There are some great action sequences including the scene kidnapping Barbara while she’s out to dinner with Dick at upscale nightclub, which starts with Freeze coming for Barbara in the club, polar bears and all, and ends with Dick in badass motorcycle chase. The film’s finale on an oil rig that going up in flames is exciting and genuinely edge of your seat tense.
This is also arguably the darkest we see Freeze, who’s always been one of the most sympathetic members of Batman’s Rogues Gallery. Killing a man out of revenge for murdering your wife and destroying your life is one thing, but butchering an innocent young woman to harvest an organ is pretty fucking dark. Especially considering she was basically already dead and the procedure did not seem to have a high likelihood of success when it’s being performed on an abandoned oil rig by a criminally negligent doctor who hasn’t changed his clothes in days and is solely motivated by paying off his shady debts. We do see glimmers of the honorable man that still exists somewhere deep beneath the ice of Freeze, but his main mission here is kind of unforgivable. And those polar bears aren’t fucking around either!
I rewatched this because it just came out on Blu-ray, which includes all the other Mr. Freeze episodes in the Batman: The Animated series Universe (including Batman Beyond), and I found myself thinking it was kind of underrated. This movie is also notable because it came out in the time betweeen the original Batman: The Animated series ended and The New Batman/Superman Adventures began. It was the same show, same continuity, but there was a big character redesign. Also, there are some big character developments that happen between the change over on the show and this movie hints at some of those upcoming character developments.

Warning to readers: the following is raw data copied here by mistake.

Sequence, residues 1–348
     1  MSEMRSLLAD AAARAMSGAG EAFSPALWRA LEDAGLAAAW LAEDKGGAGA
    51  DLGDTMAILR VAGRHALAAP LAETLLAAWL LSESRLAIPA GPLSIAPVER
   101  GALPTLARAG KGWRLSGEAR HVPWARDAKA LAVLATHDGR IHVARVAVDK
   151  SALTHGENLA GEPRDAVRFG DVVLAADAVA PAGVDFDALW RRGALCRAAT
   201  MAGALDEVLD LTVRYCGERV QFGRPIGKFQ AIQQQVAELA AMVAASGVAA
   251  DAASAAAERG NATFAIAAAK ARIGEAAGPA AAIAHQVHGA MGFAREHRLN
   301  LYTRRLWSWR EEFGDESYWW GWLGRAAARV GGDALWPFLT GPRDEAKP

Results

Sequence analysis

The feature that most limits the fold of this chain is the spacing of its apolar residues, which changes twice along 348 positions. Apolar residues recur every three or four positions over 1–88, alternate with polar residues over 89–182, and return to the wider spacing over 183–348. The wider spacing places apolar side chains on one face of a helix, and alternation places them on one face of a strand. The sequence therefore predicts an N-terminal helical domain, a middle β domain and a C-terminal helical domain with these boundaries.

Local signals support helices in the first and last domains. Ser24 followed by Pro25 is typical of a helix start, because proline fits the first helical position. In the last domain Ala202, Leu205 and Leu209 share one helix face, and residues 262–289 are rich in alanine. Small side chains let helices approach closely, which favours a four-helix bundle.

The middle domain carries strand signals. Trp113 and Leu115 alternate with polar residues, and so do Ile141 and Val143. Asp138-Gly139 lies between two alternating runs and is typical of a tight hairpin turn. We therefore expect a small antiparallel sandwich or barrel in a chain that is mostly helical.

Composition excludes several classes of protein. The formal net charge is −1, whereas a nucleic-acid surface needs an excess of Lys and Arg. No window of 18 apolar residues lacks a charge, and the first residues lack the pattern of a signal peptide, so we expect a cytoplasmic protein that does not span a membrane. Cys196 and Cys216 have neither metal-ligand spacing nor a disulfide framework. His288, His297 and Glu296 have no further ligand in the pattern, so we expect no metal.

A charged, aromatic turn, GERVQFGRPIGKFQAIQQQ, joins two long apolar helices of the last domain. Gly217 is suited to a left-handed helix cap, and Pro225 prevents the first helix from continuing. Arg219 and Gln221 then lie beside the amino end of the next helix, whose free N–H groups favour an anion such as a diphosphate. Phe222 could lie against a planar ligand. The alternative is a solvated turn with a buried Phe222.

I definitely recommend picking up Batman & Mr. Freeze: Subzero, I know I did. Especially if you have the other animated movies on Blu-Ray. It’s very good Batman movie and the Blu-Ray transfer looks good on the traditional animation. They experimented with some computer animation for certain shots and vehicles, that don’t work and look super dated. Other than that, this gets a big thumbs up from me. Give it a watch!
Oh FUCK! I forget about Batman: Mystery of The Batwoman! That’s one of the movies too..